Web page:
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Carrie Fisher's Emotional After-Death Letter Revealed

Contains mild spoilers for The Rise of Skywalker

It's been three years since the world lost Carrie Fisher, the inimitable actress who became a household name and beloved presence around the world through her role as Princess Leia (later General Leia Organa) in the Star Wars franchise. Fisher died at the age of 60 on December 27, 2016 after suffering a heart attack on a flight from London, England to Los Angeles, California the week prior. She left behind an enormous legacy; a daughter, Billie Lourd, who has followed in her mother's footsteps to become an actress herself; and a place in the Star Wars galaxy no one else could possibly fill. 

It turns out that Carrie Fisher left one more thing behind: an after-death note, which her brother, Todd, recently found. 

As first reported by The New York Post and later picked up by Page Six, Todd Fisher stumbled upon a letter from Carrie while he was searching for pieces of Star Wars memorabilia that could be displayed at Hollywood's TCL Chinese Theatre as part of a pop-up museum. Todd was looking through one particular drawer in a desk belonging to his mother, the late actress Debbie Reynolds, who died the day after Carrie did — a drawer of "personal letters," which he'd looked through "several times." But in this instance, he found something he'd "never seen before" in his life: a note in Carrie's "unmistakeable" handwriting, scrawled across a page torn out from a book by Adrian Tinniswood. 

"Either it was something Carrie wrote long ago because she was doing a story on death, or it just materialized from beyond," Todd said of the letter. "She was writing as if she was dead and what it was like."

The letter reads in part, "I am dead. How are you? I'll see you soon ... I would call and tell you what this is like, but there is no reception up here [...]Cut. New scene, new setup, new heavenly location. I have finally got the part that I have been rehearsing for all my life. God gave me the part. This is the end of the road I have been touring on all my life."

Carrie Fisher's final appearance as Leia Organa

Todd Fisher's discovery of his sister Carrie's after-death note came as a shock even to him — "It just blew my mind. I thought, 'Wow, why am I finding this right now?'" — and was undoubtedly made more emotional given that the anniversary of her passing was right around the corner, and that Carrie's final film appearance happened days prior as well.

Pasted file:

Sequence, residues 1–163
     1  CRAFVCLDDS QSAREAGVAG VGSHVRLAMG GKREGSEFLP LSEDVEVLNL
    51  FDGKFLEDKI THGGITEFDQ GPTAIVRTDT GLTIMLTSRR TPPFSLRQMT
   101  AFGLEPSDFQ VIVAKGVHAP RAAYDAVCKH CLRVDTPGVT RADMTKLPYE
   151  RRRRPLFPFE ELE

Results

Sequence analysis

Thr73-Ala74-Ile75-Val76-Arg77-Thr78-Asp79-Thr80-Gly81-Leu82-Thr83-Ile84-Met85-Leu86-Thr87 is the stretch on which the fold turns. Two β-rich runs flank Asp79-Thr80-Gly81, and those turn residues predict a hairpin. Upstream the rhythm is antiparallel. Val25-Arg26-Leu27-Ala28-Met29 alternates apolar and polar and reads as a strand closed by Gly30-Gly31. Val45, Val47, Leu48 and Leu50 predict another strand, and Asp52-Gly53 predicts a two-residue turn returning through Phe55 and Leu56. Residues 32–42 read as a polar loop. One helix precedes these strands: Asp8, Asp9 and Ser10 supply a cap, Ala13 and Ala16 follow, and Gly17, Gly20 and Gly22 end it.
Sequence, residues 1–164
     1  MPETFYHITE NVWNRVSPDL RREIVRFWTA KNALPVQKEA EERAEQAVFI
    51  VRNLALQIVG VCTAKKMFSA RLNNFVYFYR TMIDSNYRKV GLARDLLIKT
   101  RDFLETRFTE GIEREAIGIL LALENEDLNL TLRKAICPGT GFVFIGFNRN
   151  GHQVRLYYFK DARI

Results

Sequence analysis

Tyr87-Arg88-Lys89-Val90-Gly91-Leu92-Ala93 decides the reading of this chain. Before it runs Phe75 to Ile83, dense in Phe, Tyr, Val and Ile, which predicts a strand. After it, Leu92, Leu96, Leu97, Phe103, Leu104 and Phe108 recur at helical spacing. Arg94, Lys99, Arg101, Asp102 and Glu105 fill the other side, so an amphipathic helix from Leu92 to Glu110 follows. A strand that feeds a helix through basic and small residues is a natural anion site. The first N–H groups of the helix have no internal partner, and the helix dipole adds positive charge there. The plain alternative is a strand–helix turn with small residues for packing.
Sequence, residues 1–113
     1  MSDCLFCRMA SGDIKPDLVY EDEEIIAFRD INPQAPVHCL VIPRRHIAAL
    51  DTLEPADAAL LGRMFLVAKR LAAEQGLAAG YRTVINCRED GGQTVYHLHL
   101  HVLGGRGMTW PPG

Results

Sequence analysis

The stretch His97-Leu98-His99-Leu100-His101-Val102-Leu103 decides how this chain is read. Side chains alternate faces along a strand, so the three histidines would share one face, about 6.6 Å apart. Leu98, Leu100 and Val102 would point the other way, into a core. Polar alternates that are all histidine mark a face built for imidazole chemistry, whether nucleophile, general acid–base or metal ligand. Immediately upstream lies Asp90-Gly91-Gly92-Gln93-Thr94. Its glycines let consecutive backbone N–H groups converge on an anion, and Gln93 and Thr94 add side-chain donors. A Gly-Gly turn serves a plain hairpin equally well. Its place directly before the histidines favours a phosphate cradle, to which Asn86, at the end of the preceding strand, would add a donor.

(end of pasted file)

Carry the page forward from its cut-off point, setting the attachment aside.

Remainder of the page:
Carrie Fisher had played Leia Organa — first known with the prefix Princess, then General — from the release of the first Star Wars film in 1977 all the way until her death in 2016. J.J. Abrams' The Force Awakens was the final Star Wars film to debut during Carrie Fisher's life, with The Last Jedi released posthumously in 2017. In December 2019 came The Rise of Skywalker, which was initially meant to feature Leia Organa in a huge capacity. Following the Star Wars actress' death, however, Abrams and the folks at Disney and Lucasfilm implemented unused footage of Carrie Fisher from The Force Awakens to give Leia a proper send-off without resorting to the use of CGI. (They did, however, use CGI to make a young Leia for a flashback sequence alongside her twin brother Luke Skywalker.)

Saying goodbye to Leia in The Rise of Skywalker was quite an emotional experience. Leia used the last of her energy to send a Force message to her son, the villainous Kylo Ren (Adam Driver) who was once a promising Jedi Padawan named Ben Solo, in hopes that he would hear her and return to the light side. (For the record: he did.) 

Leia's send-off also moved Todd Fisher, who told The New York Post that he's found a certain sense of comfort through the Star Wars movies

"A lot of people asked me when they [Carrie and his mother Debbie] died, 'How do you deal with it?'" said Todd. "Part of it is the faith that we all shared, my mother, my sister and I — the idea that we shall meet again, and they're not far from you. They're just in a different space or a different dimension. There are a lot of words you can attach to [that]. The word 'force,' for example, is [Star Wars creator] George Lucas's choice word, but you could interchange the word 'faith.' I find a lot of that comforting, frankly."